In "Windows and Mirrors," a Tapestry of Faith program
Gather in a seated circle. Tell the children:
In Charles Dickens's day, in
, indoor games were popular with all ages. There wasn't much equipment needed so the very wealthy or the very poor might have played the same games. Let's play a few now to experience how Charles Dickens and his family might have spent a Sunday afternoon.
Lead as many games as time allows.
Ask a volunteer to be the hider and give them a small object. The hider shows it to the others, who then leave the room. Ask the hider to hide it someplace the lookers can see it without having to move anything out of the way. Bring others back and invite everyone to look for the item in silence. When they spot the item, they should sit down. The last one looking becomes the next hider.
One person volunteers to be the auctioneer, and leaves the room. Each of the others "forfeits" a special item that belongs to them and sets it in the center of the circle. Then, the auctioneer returns and chooses an item to "sell." In order not to forfeit their item, the owner must claim it and do something the auctioneer or the group requests. Owners may choose to forfeit an item instead of complying with a request; auctioneers might say "Going once, going twice, not sold!" and move on to another item.
To give multiple participants a chance to be the auctioneer, invite each child who reclaims an item to auction off the next item. However, allow the original auctioneer to continue choosing the items for "sale," as they are the only child who will not know who forfeited which item.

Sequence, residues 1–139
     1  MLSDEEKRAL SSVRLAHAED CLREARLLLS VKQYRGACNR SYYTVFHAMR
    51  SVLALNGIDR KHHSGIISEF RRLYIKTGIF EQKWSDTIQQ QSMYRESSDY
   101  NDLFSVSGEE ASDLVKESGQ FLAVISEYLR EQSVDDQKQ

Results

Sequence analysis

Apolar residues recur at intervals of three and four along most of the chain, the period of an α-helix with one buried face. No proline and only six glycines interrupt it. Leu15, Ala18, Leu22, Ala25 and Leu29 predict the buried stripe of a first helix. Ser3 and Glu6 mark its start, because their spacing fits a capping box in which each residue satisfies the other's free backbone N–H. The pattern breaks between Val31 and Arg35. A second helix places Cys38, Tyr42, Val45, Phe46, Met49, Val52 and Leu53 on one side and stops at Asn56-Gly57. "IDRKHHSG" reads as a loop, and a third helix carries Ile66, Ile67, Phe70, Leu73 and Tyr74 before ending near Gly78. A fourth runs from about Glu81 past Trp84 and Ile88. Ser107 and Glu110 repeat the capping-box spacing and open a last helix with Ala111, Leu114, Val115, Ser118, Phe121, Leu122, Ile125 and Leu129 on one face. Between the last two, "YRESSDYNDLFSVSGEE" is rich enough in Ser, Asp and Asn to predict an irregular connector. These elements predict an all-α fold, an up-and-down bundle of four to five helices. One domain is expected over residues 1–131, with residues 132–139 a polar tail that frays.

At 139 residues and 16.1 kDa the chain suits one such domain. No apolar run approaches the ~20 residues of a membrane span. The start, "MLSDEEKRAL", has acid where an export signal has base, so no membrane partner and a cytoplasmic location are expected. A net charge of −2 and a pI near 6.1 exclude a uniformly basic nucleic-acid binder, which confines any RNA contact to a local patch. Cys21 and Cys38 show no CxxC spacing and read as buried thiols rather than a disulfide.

Set parameters for requests ahead of time; participants might be asked to sing, dance, balance a book on their head, tell a riddle or a "knock-knock" joke, etc.
Make sure items are returned to their owners after the game.
The Minister's Cat
Choose a participant to go first. Move clockwise around the circle to continue.
The first player describes the minister's cat with an adjective beginning with an "a;" for example, "The minister's cat is an awkward cat." The second player describes the minister's cat with an adjective beginning with a "b," the third uses an adjective beginning with a "c," and so on. When the alphabet is done, start again with "a."
A player is "out" when they cannot think of an adjective or they say one already used.
You can set a pace and time limits by having the group clap on their thighs throughout the game; players who miss their rhythm cue are "out."
Charades is the quintessential parlor game. Form two teams and ask each to gather on opposite sides of the room. Distribute paper and pencils to all participants and give each team a basket. Instruct each person to write down a common phrase, famous person's name, book title or movie title on paper, fold the paper, and place it in the basket.
Teams alternate turns. For each turn, one team member chooses a paper from the basket and acts out what's on it so their teammates can guess the phrase, person, book title or movie title. Common charades gestures are:
If the group includes children with vision impairment, do not play Lookabout or Charades.
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Last updated on Thursday, October 27, 2011.
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